Reuters: German Chancellor Angela Merkel called on Thursday for a united front to prevent Iran from developing nuclear weapons, with no repeat of the European disunity that preceded the U.S.-led invasion of Iraq in 2003. By Daniel Trotta
NEW YORK (Reuters) – German Chancellor Angela Merkel called on Thursday for a united front to prevent Iran from developing nuclear weapons, with no repeat of the European disunity that preceded the U.S.-led invasion of Iraq in 2003.
European powers were split in the months ahead of the invasion, with Britain, Italy and Spain lining up behind U.S. President George W. Bush, while France and Germany refused to support the war.
With Russia and China also opposed, the United States failed to get a U.N. Security Council resolution specifically authorising military action and countries that opposed the war refused to send troops to help the Americans.
Now the West is returning to the Security Council with a resolution introduced by the United States, Britain and France on Wednesday demanding Iran halt uranium enrichment that they suspect forms part of a secret nuclear weapons program.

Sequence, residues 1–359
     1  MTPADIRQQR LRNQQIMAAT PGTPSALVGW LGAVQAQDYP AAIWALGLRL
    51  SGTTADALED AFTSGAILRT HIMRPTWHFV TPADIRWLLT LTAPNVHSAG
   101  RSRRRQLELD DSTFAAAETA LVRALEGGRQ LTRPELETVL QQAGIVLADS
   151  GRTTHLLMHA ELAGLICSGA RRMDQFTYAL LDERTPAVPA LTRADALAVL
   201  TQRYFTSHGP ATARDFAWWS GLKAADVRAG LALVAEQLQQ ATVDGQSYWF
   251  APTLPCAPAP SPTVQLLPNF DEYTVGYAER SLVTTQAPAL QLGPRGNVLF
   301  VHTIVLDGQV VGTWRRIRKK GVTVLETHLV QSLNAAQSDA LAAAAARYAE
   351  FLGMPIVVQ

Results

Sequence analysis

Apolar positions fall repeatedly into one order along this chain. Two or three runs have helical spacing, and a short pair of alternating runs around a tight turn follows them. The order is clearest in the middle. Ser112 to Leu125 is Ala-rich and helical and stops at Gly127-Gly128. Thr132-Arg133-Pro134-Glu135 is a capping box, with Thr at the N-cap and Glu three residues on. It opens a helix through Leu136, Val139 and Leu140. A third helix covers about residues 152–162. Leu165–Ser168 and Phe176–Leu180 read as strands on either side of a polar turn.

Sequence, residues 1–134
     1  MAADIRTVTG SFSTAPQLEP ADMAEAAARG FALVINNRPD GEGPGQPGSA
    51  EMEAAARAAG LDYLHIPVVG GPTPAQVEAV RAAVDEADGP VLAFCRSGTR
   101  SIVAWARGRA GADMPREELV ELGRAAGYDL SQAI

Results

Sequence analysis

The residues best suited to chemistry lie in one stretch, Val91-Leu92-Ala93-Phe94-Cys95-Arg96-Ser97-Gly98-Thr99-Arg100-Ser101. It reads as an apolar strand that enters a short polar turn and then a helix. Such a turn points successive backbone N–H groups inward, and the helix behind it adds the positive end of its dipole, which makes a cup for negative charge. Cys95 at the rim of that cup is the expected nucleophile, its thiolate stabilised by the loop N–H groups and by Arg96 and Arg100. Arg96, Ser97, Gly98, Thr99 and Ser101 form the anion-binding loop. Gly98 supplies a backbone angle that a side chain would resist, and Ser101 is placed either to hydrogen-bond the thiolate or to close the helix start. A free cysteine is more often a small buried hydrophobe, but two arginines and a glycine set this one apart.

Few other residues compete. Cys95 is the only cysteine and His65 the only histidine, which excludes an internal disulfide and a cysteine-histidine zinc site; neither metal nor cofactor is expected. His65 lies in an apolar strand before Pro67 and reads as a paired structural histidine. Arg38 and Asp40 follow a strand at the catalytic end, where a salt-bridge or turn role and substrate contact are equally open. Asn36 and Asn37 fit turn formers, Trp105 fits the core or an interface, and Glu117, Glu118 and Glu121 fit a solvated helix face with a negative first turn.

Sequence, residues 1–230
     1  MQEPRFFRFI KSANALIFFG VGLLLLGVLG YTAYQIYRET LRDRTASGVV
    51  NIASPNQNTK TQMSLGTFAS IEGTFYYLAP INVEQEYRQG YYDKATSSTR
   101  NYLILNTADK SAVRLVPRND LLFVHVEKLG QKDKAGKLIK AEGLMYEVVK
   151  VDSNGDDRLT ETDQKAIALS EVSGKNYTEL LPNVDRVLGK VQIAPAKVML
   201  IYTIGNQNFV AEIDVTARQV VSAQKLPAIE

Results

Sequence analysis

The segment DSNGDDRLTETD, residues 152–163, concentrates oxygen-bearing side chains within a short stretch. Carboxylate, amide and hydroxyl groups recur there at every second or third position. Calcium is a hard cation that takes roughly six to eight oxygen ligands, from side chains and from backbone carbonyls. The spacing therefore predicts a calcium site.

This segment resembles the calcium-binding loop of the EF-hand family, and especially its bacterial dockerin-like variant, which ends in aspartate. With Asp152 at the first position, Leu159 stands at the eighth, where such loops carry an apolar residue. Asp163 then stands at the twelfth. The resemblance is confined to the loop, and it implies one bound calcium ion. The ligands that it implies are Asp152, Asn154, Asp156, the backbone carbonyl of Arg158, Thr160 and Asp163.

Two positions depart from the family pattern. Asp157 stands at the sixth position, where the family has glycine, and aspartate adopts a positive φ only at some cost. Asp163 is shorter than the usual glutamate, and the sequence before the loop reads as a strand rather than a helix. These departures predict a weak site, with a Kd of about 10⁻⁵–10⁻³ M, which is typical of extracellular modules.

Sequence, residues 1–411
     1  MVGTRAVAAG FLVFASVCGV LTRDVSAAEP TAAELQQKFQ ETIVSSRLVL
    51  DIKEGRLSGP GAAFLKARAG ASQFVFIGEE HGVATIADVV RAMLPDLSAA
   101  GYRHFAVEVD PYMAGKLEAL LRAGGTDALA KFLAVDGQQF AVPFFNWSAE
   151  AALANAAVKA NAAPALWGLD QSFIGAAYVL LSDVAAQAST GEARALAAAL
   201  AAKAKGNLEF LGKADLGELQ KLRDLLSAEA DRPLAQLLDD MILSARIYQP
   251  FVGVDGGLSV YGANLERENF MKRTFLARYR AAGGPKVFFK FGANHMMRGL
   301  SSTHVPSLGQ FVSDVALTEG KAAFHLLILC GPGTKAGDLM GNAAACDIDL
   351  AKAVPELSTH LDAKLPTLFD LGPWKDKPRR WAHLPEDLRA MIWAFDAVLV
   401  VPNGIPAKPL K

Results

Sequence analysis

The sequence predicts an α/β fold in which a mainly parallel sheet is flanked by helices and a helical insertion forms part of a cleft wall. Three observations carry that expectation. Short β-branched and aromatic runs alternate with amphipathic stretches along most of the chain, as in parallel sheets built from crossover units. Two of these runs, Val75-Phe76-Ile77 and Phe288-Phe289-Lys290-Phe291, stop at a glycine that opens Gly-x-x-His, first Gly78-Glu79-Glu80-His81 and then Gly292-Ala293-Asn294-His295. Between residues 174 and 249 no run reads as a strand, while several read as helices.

“We have learnt the lessons of the Iraq conflict. One of these lessons is that divisions … weaken Europe. We can’t give dictators the sense that the democratic world is divided over how to deal with them,” Merkel said at a forum for U.S. and German business leaders during a visit to New York.
“I think it is very important that this view be shared by all of us, including Russia, that everything must be done to prevent Iran from obtaining nuclear weapons,” she said.
Merkel, leader of the conservative Christian Democratic Party, replaced Social Democrat Gerhard Schroeder as chancellor last year.
In the West’s campaign to prevent Iran from developing nuclear weapons, European Union members Germany, France and Britain have provided a European front on Iran while also working closely with Washington.
The Security Council resolution introduced by the United States, Britain and France on Wednesday threatens to consider unspecified “further measures as may be necessary” to ensure Iran’s compliance.
Russia and China, the other two permanent members of the Security Council, expressed opposition to the text and have veto power over it.